Date on Master's Thesis/Doctoral Dissertation


Document Type

Doctoral Dissertation

Degree Name

Ph. D.


Physiology and Biophysics

Degree Program

Physiology and Biophysics, PhD

Committee Chair

Polk, Jr, Hiram

Committee Co-Chair (if applicable)

Galandiuk, Susan

Committee Member

Galandiuk, Susan

Committee Member

Joshua, Irving

Committee Member

Bhatnagar, Aruni

Committee Member

Maldonado, Claudio

Committee Member

Schuschke, Dale

Author's Keywords

monocyte; sepsis; NFkappaB; inflammation; IKappaB kinase; endotoxin tolerance


Trauma, major surgery and systemic infection can lead to a subsequent immunosuppressed state which can predispose patients to nosocomial infection and death. Approximately a sixth of patients will have impaired monocyte function, as determined by decreased HLA-DR expression or decreased TNF-α production in response to ex-vivo lipopolysaccharide (LPS) stimulation. This project aimed to develop an in-vitro model of impaired monocyte function using isolated monocytes from healthy volunteers, to study the effect of monocyte impairment on IκK signaling, and determine the role of IκK in the impaired monocyte response. These studies have provided the following results:

  1. Monocytes treated with low dose LPS (10 ng/mL) exposure exhibit an impaired inflammatory response to a subsequent 100 ng/mL LPS challenge. Levels of TNF-α and IL-10 production, as well as monocyte HLA-DR expression, were decreased in the impaired monocyte compared with its naïve counterpart.
  2. Impaired monocytes that exhibited this impaired response were found to have decreased NFκB activation. In addition, while total levels of IκK-α and IκK-β were similar between naïve and impaired conditions, decreased IκK phosphorylation was observed in the impaired monocyte.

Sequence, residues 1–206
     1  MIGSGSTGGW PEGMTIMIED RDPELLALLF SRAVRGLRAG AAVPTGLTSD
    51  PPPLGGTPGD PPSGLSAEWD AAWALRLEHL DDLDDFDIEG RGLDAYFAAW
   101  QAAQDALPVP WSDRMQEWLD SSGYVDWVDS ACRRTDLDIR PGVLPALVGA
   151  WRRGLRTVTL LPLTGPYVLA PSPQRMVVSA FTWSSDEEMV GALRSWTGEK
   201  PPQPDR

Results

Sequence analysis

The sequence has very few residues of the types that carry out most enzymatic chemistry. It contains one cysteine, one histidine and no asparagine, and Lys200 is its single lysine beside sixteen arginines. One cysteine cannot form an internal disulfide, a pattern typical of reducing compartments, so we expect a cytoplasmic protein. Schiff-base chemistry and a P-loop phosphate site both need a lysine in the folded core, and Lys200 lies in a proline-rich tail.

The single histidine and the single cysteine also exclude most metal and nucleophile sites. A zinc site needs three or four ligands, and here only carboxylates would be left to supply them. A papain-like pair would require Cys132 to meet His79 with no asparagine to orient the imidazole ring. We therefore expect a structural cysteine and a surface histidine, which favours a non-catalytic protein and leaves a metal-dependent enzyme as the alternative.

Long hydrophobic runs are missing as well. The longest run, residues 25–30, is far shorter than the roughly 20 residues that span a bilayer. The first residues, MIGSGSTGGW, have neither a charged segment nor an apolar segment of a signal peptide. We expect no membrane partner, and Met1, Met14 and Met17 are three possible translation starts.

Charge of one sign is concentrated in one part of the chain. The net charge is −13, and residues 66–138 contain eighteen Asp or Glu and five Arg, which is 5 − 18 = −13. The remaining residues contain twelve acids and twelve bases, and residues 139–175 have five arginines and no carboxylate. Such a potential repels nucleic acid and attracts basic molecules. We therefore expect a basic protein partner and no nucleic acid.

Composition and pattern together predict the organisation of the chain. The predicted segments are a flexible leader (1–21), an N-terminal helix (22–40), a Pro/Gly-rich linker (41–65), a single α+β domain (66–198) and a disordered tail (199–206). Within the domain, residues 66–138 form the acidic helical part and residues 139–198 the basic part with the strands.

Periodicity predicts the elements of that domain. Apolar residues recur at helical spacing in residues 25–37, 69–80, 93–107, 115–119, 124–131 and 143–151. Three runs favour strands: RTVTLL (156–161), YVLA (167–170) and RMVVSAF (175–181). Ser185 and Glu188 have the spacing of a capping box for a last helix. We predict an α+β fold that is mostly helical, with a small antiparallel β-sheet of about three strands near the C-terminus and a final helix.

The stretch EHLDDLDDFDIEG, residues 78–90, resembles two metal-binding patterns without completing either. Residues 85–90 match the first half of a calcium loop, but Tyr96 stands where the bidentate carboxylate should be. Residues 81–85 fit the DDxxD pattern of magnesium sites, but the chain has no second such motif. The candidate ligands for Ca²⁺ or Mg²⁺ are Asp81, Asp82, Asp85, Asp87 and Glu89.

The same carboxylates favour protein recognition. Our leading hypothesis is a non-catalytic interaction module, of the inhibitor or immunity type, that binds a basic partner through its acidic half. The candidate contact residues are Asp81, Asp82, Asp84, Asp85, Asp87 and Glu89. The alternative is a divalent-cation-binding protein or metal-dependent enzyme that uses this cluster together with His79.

3. Loss of IκK function studies using IκK-16 (a specific IκK inhibitor) showed that decreases in both TNF-α and IL-10 production were attributable to decreased IκK activation, demonstrating a causal relationship between IκK function and the monocyte cytokine response. However, HLA-DR expression was not dependent on IκK function, suggesting that other signaling pathways may also be altered in monocyte impairment that may affect HLA-DR expression.
  4. The impaired monocyte phenotype also results in decreased chemokine production (such as MCP-1 and IP-10) and growth factor secretion (such as GM-CSF).

Our data highlight the importance of IκK function in the host defense response to infective stimuli, but also demonstrate the effects of negative feedback regulation following a primary stimulus. Excessive IκK stimulation, or indeed suppression of IκK activity, is likely to be detrimental to the surgical patient. Future studies of IκK function in the surgical patient, as well as translating potential therapies to modulate the IκK pathway, could ameliorate monocyte impairment and decrease the susceptibility to infection in the surgical patient.

Included in

Surgery Commons